Wellington is said to have described Waterloo as a "nice" battle.

In my childhood, I was struck by a note on a map of France in Arthur Mee's Children's Encylopedia. It was placed on the southern coast, and simply stated "Nice Italian spoken here". Knowing nothing about the geography or history of France, I took "Nice" to be an adjective.




edit on 25-5-2016 by DISRAELI because: (no reason given)



posted on May, 25 2016 @ 04:11 PM
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This can be a toughie. I have an extensive vocabulary. My parents encouraged reading VERY early(English major in uni). That can piss people off at times. My ex had a grade 9 education at the time we met. I'd say something that seemed normal to me and she would say that I was demeaning her. Be careful with your language. I've learned to use the language of the people you are talking to.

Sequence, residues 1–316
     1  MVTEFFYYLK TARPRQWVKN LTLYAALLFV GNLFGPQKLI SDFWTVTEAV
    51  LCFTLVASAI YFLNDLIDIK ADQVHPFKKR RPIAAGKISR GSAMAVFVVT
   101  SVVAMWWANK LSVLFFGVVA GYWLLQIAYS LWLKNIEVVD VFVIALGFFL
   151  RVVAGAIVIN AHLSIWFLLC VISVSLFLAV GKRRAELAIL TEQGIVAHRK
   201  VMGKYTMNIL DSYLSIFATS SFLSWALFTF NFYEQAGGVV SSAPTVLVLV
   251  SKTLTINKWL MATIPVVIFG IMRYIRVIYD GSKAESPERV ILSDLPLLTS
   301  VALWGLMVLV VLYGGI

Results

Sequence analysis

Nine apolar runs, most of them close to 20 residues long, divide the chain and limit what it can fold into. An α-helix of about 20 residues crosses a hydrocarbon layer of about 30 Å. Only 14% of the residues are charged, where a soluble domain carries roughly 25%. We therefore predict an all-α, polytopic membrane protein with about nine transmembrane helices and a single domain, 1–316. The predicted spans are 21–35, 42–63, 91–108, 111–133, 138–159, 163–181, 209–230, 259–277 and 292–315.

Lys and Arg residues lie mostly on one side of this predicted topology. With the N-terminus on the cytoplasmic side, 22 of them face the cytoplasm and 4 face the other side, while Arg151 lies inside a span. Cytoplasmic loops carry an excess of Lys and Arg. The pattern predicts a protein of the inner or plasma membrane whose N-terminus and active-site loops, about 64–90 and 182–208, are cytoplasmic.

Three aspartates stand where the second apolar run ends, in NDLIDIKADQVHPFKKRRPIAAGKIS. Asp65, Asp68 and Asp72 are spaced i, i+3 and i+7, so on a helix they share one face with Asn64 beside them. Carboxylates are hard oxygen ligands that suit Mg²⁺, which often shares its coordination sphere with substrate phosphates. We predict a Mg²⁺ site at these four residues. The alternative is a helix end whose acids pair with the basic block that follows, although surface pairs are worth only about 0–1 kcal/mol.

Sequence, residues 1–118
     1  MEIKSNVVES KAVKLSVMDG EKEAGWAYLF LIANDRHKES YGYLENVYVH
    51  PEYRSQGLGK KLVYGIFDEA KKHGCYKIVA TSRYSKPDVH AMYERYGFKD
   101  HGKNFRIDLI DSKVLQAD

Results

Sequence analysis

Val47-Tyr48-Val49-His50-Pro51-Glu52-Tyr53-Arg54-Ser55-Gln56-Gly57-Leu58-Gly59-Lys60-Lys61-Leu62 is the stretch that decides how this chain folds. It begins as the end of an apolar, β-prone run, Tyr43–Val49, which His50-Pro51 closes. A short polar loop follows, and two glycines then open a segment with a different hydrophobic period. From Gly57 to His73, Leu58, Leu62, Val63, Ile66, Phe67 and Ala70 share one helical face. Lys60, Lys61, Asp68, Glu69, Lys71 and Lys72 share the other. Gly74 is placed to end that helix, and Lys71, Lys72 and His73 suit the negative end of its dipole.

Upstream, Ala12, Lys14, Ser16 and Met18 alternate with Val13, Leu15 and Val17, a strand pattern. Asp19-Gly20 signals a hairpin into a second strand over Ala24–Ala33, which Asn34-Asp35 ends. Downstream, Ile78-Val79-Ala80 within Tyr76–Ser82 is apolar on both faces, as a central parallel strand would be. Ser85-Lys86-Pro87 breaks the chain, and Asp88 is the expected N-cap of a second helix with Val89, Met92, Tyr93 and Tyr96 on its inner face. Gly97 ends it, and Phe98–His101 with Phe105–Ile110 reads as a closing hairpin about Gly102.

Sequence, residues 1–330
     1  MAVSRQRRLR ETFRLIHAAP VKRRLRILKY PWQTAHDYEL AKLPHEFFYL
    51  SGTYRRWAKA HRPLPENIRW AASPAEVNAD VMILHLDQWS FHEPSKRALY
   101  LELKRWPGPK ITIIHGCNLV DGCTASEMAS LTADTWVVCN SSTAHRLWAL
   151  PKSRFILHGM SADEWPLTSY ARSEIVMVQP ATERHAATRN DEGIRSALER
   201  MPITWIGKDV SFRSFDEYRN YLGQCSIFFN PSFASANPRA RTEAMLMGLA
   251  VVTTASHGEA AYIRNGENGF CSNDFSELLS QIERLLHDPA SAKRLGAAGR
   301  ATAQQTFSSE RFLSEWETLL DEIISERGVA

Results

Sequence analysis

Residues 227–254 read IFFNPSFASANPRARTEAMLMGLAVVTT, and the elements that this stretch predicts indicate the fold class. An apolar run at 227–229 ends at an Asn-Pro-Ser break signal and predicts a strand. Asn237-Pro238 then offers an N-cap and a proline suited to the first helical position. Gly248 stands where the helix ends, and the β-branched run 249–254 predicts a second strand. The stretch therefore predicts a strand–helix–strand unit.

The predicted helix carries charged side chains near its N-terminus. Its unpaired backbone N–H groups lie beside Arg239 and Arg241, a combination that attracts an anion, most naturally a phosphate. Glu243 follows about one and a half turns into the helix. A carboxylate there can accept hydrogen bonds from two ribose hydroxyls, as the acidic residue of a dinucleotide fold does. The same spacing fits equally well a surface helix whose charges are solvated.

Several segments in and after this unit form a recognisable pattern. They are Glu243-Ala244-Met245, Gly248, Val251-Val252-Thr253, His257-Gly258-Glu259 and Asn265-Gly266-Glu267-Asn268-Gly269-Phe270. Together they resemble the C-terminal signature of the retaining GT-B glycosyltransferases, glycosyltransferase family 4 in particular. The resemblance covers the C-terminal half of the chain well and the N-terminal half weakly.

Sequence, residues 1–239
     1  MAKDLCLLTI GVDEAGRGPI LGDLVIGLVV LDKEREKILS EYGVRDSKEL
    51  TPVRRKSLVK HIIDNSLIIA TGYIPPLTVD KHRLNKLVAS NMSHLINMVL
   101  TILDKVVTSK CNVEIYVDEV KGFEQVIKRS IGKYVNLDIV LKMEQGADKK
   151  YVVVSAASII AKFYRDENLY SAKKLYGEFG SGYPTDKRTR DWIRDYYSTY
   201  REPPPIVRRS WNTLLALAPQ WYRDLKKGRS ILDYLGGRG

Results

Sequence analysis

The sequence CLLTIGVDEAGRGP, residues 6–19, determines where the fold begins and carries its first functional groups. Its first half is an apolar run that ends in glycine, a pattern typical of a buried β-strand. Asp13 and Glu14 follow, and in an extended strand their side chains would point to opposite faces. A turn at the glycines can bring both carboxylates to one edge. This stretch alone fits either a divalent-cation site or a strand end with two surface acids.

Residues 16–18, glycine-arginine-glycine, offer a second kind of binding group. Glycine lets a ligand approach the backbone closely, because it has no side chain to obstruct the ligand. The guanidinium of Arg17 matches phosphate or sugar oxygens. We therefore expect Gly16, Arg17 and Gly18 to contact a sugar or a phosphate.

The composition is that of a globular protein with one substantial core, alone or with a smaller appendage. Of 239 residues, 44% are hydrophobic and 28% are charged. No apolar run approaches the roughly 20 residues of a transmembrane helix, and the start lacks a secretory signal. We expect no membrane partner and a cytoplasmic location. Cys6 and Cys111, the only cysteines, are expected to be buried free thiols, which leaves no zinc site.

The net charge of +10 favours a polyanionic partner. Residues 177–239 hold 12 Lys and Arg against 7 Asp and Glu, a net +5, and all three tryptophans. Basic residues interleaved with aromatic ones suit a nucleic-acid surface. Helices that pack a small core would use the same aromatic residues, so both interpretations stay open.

BTW, she's a HS grad now and has a damn good vocabulary too.



posted on May, 25 2016 @ 04:14 PM
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a reply to: intrepid

It's always a pain when you break out a word that seems perfectly normal to you and everyone around you looks at you like you've suddenly grown two heads isn't it?

In high school, I had to straddle the line between jock and nerd. Always a bad idea to forget that you were talking to someone who would literally spend 20 minutes looking for a left-handed discus and use a "big" word in casual conversation.



posted on May, 25 2016 @ 04:31 PM
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a reply to: BuzzyWigs


A great reference is the Oxford English dictionary of Etymology.


Then there's the Oxford English Dictionary, itself. 12... TWELVE tomes....


edit on 25-5-2016 by nwtrucker because: (no reason given)